Jeremy Corbyn has seen off an attempt to commit Labour to campaign to remain in the European Union in a second referendum on Brexit. Delegates at the party's annual conference in Brighton instead backed the leadership's proposal to wait until after a general election to decide on Labour's position.
The rejection of a motion backing an unequivocal Remain position came amid chaotic scenes in the conference hall when the chair refused to call a card vote after a show of hands that some delegates viewed as inconclusive. Wendy Nichols, who was chairing the proceedings, said she initially thought the motion was carried but she was overruled by general secretary Jennie Formby, a close ally of Mr Corbyn.
Despite calls from the floor to move to a card vote, Ms Nichols insisted that the decision was final and that the motion was defeated.
Monday’s votes mean that if Labour wins the next general election, it will seek to negotiate a new Brexit deal within three months and put that deal to a referendum within six months, with the other option being to remain in the EU.
Shadow Brexit secretary Keir Starmer told the conference that an incoming Labour government would legislate immediately for a referendum.
“We need to ask the public whether they are prepared to leave with the best deal that can be secured. Or whether they wouldn’t rather Remain in the EU. The people must have the final say. A referendum in which Remain should – and will – be on the ballot paper. Along with the best leave deal that can be secured. We owe it to those who want to leave to secure that leave deal and put it to them in a referendum,” he said.
“So I have a very simple message today: If you want a referendum – Vote Labour. If you want a final say on Brexit – Vote Labour. If you want to fight for Remain – Vote Labour. Labour will let the people decide.”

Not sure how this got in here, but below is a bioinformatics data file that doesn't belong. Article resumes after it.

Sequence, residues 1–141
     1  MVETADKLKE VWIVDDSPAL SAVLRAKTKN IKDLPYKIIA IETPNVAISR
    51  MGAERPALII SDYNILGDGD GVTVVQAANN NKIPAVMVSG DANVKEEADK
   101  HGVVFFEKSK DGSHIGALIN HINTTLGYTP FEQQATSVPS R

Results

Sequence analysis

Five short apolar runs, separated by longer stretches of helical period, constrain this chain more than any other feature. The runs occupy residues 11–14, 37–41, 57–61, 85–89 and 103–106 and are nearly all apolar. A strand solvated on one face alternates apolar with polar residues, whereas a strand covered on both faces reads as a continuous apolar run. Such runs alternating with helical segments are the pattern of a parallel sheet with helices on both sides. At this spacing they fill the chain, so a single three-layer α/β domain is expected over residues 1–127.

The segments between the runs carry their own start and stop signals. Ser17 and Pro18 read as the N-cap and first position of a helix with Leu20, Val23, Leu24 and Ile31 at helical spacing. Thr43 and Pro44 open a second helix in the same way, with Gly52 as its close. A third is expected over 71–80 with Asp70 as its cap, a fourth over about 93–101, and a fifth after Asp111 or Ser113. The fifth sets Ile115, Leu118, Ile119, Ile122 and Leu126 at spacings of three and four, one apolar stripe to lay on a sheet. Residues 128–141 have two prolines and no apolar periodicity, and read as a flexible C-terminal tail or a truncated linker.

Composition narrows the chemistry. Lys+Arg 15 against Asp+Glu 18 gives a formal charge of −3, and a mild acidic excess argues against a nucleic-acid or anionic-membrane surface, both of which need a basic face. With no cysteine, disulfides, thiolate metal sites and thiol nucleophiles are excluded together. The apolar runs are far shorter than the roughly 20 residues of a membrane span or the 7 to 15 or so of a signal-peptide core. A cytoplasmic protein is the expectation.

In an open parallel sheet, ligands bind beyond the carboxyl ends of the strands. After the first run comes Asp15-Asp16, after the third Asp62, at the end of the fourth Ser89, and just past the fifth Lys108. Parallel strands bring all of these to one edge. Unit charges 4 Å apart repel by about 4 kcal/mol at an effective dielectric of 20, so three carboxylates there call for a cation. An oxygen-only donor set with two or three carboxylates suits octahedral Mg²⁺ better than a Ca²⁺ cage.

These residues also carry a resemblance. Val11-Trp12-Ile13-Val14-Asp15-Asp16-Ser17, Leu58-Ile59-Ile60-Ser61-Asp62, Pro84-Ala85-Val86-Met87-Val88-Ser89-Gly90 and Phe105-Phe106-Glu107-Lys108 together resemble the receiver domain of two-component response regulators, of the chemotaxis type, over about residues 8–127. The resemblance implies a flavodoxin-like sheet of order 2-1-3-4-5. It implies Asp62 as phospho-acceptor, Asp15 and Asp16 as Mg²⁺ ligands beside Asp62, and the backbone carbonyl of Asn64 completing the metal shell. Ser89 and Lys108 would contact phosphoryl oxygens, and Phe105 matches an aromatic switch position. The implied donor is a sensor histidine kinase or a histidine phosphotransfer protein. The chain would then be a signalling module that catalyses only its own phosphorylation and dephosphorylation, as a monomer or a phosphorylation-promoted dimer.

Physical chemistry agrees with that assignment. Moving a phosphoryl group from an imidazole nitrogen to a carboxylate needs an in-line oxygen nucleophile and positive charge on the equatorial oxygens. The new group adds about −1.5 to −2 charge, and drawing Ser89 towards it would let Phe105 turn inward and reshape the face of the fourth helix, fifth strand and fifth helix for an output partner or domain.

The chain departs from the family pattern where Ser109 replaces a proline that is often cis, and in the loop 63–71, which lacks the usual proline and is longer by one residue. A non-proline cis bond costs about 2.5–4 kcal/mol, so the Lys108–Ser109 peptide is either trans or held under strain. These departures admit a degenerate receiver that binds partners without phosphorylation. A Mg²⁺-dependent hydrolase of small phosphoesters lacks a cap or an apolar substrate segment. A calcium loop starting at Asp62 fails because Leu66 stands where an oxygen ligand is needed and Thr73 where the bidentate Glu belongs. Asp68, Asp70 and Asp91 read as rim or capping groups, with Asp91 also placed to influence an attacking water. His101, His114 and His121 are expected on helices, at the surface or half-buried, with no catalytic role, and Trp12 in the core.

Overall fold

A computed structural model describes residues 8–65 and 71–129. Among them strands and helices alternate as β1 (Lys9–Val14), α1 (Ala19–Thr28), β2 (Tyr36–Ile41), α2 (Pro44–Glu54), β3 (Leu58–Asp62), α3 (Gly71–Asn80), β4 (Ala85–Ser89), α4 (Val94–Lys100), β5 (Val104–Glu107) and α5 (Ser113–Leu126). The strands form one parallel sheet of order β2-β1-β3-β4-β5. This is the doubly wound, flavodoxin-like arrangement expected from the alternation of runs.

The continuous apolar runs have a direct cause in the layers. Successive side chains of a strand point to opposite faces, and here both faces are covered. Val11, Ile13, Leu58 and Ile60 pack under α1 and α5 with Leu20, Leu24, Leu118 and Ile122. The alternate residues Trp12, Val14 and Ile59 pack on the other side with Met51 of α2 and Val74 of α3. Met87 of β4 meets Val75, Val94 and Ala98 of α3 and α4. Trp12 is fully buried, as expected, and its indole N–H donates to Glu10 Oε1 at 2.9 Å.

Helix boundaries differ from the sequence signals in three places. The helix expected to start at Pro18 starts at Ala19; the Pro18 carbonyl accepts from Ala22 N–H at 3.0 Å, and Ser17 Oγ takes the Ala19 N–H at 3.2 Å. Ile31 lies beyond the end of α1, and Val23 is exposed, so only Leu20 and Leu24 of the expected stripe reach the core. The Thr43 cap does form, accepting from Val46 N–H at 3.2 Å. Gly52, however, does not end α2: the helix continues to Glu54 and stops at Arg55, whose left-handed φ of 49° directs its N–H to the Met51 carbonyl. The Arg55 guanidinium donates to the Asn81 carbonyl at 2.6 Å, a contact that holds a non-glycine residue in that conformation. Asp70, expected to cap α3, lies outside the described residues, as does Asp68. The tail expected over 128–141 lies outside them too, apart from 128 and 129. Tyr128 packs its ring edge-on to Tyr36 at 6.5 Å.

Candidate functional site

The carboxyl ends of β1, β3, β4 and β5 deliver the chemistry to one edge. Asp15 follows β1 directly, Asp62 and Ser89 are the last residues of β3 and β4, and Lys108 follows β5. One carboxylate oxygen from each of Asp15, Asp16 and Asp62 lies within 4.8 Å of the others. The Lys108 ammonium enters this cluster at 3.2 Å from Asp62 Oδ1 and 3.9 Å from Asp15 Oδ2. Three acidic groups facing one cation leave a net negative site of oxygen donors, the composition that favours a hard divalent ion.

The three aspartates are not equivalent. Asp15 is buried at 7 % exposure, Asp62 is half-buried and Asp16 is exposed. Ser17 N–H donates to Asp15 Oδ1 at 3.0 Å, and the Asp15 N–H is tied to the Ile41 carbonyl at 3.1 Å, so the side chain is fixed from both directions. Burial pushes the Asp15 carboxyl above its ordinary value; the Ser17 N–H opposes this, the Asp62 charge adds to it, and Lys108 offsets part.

Most of the trade unions affiliated to Labour, who control 50 per cent of votes at conference, backed the leadership's position and opposed the motion calling for an unequivocal Remain position. Momentum, which supports Mr Corbyn but is pro-Remain, on Monday called on its delegates to back the leadership and reject the pro-Remain motion.
Liberal Democrat leader Jo Swinson, whose party wants to cancel Brexit by revoking Britain’s article 50 notification to withdraw from the EU, said Monday’s vote showed that Mr Corbyn was a Brexiteer at heart.
“Jeremy Corbyn has again shown a total lack of leadership on Brexit and settled on yet another fudge on the biggest issue facing our country. Jeremy Corbyn has repeatedly had the opportunity to put the full force of the Labour behind a Remain position, but he has once again shown today that he is a Brexiteer at heart,” she said.
“He is determined to negotiate a Brexit deal if Labour win an election, despite all the evidence that there is no Brexit deal that is good for our economy, our NHS and our security.”